What is the Sutta reference whare it explain the stream of consciousness?
Can stream of consciousness naturally come to an end?
Naturally - no, as it is always fueled by ignorance, while ignorance is naturally fueled by all kind of defilements.
Bundokji
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Re: Can stream of consciousness naturally come to an end?

Post by Bundokji »

SarathW wrote: Tue Jan 28, 2020 9:45 am Can stream of consciousness naturally come to an end?
It can, based on a certain view of what constitutes stream of consciousness, which is what society describes as "natural death".
And the Blessed One addressed the bhikkhus, saying: "Behold now, bhikkhus, I exhort you: All compounded things are subject to vanish. Strive with earnestness!"

This was the last word of the Tathagata.
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Re: Can stream of consciousness naturally come to an end?

Post by SteRo »

thepea wrote: Sat Feb 08, 2020 12:24 pm
SteRo wrote: Sat Feb 08, 2020 10:03 am
cappuccino wrote: Fri Feb 07, 2020 10:57 pm consciousness is required in order to perceive absence of consciousness

hence consciousness is ever-present
Not so. When consciousness has ceased there is no consciousness. Only after consciousness sets in again can there be a knowing 'consciousness was absent'.

After your downfall to eternalism this has been your second downfall. Such are the consequences of following the teachings of eternalist monks.

Nevermind. Some Mahayana schools have a lot of such eternalist teachings which nurture conceit which is compatible with their motivation since they want to avoid what they call 'the nirvana of a sravaka'.

So again ... these eternalist monks might actually be bodhisattvas.
You don’t seem to consider sub-conscious, which is chugging along whether the imaginary self is aware or not.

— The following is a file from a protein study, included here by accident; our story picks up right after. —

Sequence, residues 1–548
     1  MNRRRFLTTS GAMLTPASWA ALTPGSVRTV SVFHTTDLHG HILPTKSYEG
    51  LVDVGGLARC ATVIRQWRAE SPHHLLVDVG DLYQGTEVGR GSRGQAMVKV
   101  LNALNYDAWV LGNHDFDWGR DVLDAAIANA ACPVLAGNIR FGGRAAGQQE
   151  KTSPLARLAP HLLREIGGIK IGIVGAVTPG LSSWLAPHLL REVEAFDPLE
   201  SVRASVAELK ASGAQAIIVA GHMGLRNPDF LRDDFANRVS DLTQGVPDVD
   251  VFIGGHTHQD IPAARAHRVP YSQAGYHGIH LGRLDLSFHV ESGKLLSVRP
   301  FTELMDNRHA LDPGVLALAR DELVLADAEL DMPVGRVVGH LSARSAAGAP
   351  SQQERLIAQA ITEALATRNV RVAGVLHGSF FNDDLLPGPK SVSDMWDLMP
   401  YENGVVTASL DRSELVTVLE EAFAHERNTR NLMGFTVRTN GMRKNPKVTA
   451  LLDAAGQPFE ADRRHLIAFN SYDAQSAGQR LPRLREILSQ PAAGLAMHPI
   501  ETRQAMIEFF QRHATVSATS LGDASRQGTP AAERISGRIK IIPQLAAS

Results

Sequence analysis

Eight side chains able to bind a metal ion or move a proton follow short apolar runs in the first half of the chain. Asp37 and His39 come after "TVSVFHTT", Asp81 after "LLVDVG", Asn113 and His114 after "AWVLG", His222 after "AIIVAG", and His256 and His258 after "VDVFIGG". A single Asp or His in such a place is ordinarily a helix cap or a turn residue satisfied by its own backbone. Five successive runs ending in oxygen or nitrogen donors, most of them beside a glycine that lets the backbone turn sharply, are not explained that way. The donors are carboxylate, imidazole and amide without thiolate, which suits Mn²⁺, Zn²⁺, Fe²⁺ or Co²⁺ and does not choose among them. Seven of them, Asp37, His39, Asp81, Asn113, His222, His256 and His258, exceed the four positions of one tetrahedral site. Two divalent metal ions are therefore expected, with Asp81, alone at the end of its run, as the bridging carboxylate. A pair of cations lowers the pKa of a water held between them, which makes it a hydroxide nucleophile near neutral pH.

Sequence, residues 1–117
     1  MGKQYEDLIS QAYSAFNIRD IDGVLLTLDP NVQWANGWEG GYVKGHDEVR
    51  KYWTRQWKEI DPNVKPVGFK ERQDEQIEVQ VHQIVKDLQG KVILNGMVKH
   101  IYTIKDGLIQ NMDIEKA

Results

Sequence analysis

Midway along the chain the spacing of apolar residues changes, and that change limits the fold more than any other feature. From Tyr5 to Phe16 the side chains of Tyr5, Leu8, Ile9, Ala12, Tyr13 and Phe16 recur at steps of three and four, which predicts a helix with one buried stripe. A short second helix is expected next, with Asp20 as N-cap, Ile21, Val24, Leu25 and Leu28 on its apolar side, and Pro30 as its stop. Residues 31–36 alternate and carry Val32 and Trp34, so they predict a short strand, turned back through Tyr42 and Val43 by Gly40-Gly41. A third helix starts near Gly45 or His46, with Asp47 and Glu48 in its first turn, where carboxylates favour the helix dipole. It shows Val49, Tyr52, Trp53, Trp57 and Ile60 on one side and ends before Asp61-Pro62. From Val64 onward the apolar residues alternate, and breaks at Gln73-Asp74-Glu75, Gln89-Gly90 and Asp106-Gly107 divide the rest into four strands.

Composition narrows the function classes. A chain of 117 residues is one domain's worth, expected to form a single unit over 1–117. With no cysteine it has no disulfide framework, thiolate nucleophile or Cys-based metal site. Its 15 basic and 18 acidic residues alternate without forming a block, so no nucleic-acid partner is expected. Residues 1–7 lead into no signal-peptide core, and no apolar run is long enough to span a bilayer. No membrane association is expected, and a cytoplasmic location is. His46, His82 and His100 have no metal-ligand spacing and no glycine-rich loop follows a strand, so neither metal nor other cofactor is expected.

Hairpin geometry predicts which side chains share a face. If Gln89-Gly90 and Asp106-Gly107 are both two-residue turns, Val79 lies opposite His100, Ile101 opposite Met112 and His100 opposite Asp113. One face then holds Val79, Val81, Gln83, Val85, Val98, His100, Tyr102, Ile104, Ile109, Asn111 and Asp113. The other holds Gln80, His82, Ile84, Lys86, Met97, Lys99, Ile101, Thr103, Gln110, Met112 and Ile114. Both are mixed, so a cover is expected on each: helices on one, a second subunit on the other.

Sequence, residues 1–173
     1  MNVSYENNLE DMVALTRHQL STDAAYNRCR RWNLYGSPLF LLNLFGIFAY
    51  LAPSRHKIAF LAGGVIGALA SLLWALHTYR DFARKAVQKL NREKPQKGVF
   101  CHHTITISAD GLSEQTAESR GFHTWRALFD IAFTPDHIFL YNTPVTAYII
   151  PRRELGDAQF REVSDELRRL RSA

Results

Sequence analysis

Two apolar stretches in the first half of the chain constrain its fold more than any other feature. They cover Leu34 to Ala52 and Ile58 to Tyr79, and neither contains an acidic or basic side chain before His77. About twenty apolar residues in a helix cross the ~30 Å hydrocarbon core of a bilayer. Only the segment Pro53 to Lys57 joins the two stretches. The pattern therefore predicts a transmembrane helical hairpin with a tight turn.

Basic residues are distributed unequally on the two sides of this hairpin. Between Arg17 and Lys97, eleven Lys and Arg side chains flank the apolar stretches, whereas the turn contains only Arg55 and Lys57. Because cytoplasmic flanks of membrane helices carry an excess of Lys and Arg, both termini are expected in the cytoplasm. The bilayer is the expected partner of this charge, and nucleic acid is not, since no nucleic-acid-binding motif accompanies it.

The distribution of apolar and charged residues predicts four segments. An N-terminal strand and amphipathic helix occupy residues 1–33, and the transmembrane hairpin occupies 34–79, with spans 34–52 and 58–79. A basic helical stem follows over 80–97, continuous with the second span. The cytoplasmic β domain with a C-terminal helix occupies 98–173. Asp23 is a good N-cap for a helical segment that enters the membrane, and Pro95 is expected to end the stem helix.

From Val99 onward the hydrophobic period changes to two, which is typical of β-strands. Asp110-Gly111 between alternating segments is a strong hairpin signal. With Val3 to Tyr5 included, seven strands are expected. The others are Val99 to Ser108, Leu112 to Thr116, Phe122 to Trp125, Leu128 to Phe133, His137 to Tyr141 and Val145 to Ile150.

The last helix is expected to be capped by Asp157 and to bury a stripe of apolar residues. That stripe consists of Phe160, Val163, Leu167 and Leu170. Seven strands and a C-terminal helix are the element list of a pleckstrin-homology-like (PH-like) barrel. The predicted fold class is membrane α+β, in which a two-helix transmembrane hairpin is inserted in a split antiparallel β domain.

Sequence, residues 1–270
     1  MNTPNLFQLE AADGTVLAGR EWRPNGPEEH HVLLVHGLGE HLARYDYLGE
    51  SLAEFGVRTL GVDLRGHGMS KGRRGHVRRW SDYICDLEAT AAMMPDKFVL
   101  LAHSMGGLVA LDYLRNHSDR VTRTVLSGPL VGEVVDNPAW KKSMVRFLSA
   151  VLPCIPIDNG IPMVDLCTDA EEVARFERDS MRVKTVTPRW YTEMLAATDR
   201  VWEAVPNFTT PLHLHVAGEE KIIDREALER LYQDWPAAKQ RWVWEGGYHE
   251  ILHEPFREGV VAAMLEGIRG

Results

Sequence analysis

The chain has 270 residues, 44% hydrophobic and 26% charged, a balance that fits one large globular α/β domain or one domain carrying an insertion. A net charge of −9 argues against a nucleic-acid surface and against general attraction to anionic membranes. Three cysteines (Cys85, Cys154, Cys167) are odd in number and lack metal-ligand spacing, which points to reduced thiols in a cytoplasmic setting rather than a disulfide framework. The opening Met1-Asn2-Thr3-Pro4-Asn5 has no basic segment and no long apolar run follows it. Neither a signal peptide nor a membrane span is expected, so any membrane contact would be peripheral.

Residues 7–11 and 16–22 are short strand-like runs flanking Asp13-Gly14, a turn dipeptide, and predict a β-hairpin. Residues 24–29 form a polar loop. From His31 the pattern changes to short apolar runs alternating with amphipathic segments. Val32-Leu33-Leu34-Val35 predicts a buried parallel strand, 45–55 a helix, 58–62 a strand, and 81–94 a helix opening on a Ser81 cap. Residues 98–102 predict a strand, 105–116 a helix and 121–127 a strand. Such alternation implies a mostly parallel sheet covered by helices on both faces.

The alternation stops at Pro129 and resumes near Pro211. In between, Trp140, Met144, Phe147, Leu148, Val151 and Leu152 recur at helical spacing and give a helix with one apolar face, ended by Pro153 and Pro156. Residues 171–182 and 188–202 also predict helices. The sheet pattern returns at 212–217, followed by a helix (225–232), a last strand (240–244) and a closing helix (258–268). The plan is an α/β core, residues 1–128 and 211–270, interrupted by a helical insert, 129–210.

There is no sub-conscious. There is impermanent jīvitindriya (vitality) which ends as life ends.
Theravada (major branch of Buddhism)
Jivitindriya in Theravada glossary... « previous · [J] · next »

One of the Sabbacittasadharana cetasikas. Jivitindriya is a mental life. it supports citta to stay alive and to be able to function well. It also supports other co arising cetasikas and all mental activities are supported by jivitindriya cetasika without which citta and cetasikas will never arise. It maintains mental life and it arises with each arising citta.
Source: Journey to Nibbana: Patthana Dhama

"life faculty"; Jivitam means "life", and indriya means "controlling faculty".;

1. This cetasika sustains the life of the citta and cetasikas it accompanies.

According to the Atthasalini the characteristic of jivitindriya is "ceaseless watching", its function is to maintain the life of the accompanying dhammas, its manifestation the establishment of them, and the proximate cause are the dhamas which have to be sustained.

2. The function of jivitindriya is to maintain the life of citta and its accompanying cetasikas. It keeps them going until they fall away.

Jivitindriya is One of the Seven Universals.

Atthasalini (part IV, Chapter I, 123, 124) (See also Dhammasangani19.)
Source: Dhamma Study: Cetasikas

Jīvitindriya (“vitality”); s. indriya, khandha (corporeality, mental formations), Tab. II.
Source: Pali Kanon: Manual of Buddhist Terms and Doctrines
https://www.wisdomlib.org/definition/jivitindriya
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DooDoot
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Re: Can stream of consciousness naturally come to an end?

Post by DooDoot »

SteRo wrote: Sun Feb 09, 2020 7:09 am There is no sub-conscious.
Anusaya
SteRo wrote: Sun Feb 09, 2020 7:09 amThere is impermanent jīvitindriya (vitality) which ends as life ends.
Jīvitindriya = biology. When consciousness ends in nirodha samapatti - jiva or ayu continues.
There is always an official executioner. If you try to take his place, It is like trying to be a master carpenter and cutting wood. If you try to cut wood like a master carpenter, you will only hurt your hand.

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Re: Can stream of consciousness naturally come to an end?

Post by SteRo »

DooDoot wrote: Sun Feb 09, 2020 7:17 am
SteRo wrote: Sun Feb 09, 2020 7:09 am There is no sub-conscious.
Anusaya
That no sub-conscious but a phenomenon that is other than consciousness.
DooDoot wrote: Sun Feb 09, 2020 7:17 am
SteRo wrote: Sun Feb 09, 2020 7:09 amThere is impermanent jīvitindriya (vitality) which ends as life ends.
Jīvitindriya = biology.
:roll:
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Re: Can stream of consciousness naturally come to an end?

Post by DooDoot »

SteRo wrote: Sun Feb 09, 2020 7:23 amThat no sub-conscious but a phenomenon that is other than consciousness.
Its subconsciousness. Again about anusaya (underlying tendency):